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Today's Puzzles / Re: Tue., 12/2 Bernice Gordon
« Last post by LARadioRewind on December 02, 2014, 03:05:23 PM »
"Motion picture frames" was the clue for STILLS. A still is a print made from a motion picture frame. The frame itself is not a still.

The puzzle also included SANDP, referring to the Standard & Poor's 500, a stock market index. Other puzzles have included PANDL for profit and loss, AANDP for the A&P market chain, and AANDE for the A&E television channel. Those are not legitimate abbreviations and they should not be used in crosswords.

These are the opinions of this writer. Opposing viewpoints are welcomed. Viewpoints of those who agree with me are even more welcomed. :)
Today's Puzzles / Tue., 12/2 Bernice Gordon
« Last post by magus on December 02, 2014, 08:09:15 AM »
THEME:   rhymes with STUMBLE
Hogwarts headmaster   DUMBLEDORE [love that name]   
Night in Nantes  NUIT [but not in Liverpool]   
To be, to Bizet   ETRE [but not to Dumbledore]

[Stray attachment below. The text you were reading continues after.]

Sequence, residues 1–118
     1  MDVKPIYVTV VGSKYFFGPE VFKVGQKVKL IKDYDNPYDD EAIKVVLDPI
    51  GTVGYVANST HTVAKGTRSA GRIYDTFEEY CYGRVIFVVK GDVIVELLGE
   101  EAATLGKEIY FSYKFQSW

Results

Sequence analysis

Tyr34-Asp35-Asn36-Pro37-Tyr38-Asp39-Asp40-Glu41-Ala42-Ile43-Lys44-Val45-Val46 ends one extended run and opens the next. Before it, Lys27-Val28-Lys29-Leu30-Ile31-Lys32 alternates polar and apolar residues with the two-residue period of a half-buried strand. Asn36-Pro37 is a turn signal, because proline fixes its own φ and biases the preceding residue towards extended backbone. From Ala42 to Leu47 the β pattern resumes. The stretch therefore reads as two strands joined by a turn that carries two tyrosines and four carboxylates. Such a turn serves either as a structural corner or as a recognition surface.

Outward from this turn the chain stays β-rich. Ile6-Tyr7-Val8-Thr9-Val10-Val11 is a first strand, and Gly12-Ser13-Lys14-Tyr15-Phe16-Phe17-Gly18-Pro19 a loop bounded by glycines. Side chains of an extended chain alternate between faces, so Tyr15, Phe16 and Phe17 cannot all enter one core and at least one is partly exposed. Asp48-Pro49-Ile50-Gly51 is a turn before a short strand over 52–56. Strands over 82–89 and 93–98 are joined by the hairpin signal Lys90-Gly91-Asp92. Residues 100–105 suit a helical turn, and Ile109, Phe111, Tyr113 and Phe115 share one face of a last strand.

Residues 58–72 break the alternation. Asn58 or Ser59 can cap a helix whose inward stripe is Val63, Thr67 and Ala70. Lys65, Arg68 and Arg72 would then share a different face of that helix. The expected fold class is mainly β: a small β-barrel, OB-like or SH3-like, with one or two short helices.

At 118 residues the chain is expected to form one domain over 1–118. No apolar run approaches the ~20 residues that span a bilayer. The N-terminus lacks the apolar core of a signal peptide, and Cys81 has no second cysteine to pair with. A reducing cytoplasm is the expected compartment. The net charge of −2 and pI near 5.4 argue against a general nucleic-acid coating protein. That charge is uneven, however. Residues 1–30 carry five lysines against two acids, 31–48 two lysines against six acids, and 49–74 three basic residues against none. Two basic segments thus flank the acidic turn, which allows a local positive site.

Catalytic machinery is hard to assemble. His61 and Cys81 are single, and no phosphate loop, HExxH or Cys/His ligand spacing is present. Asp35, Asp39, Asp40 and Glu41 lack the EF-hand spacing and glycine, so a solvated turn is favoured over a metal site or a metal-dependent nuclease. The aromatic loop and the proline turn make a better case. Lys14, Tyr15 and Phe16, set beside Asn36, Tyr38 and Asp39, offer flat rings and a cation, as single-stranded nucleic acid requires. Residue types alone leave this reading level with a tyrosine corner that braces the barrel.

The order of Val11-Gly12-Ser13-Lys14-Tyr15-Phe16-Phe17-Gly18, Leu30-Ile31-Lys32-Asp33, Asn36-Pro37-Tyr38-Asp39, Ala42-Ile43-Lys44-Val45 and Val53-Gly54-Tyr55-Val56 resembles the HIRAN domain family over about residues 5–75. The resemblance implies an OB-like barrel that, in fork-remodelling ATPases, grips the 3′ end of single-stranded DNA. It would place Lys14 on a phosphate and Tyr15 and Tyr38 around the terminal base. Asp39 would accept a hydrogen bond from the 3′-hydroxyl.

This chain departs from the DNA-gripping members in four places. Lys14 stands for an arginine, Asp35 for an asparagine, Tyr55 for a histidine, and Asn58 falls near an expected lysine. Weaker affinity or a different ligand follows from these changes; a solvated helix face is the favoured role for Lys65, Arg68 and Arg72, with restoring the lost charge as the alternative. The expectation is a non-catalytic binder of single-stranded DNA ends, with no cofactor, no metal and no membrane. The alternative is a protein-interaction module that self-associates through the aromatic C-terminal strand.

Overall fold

Three grins = Loved it; Two grins = Enjoyed it; One grin = A bit bland for my taste; One teardrop = Not much fun   
Today's Puzzles / Re: Mon., 12/1 C.C. Burnikel
« Last post by LARadioRewind on December 01, 2014, 05:13:37 PM »
Two intersecting words were MESSI and PAPYRI. Lionel Messi is an Argentine soccer player and papyri is the Greek plural of papyrus, which is a tree and the paper-like material made from it. Including those words in a puzzle is---shall I say it?---messy.

In September, after a month-long analysis of seven daily crosswords appearing in four daily newspapers, I posted a list ( ) of the most common Crosswordese words: ALE, IRA and ORE topped the list and the majority of the words begin with a vowel. The New York Times puzzle appearing in today's Daily News uses ten of the most common words: ABS, ACRE, AREA, ARIA, ATE, ERR, ETA, ILL, ISLE and OLE. The puzzle also includes ARMPIT ("Deodorant spot"), not a very appealing word.

However, the crossword (created by Stanley Newman) was done very delightfully: the theme answers were DICKVANDYKE, DEATHVALLEYDAYS and DVDRECORDER. "Done very delightfully." See what I did there?
Today's Puzzles / Mon., 12/1 C.C. Burnikel
« Last post by magus on December 01, 2014, 09:12:32 AM »
THEME:   first word of phrase can start a KICK phrase
Foot-operated mechanism {& theme}   KICK STARTER   
Regret one's (sins)   REPENT [weak clue: one can regret and not repent]   
ESOS is n.g.

Five-cent coin   NICKEL [also a homonym for the second syllable of the constructor's name]

RATING:  ;D   
Three grins = Loved it; Two grins = Enjoyed it; One grin = A bit bland for my taste; One teardrop = Not much fun   
Today's Puzzles / Re: Sun., 11/30 Michele Kane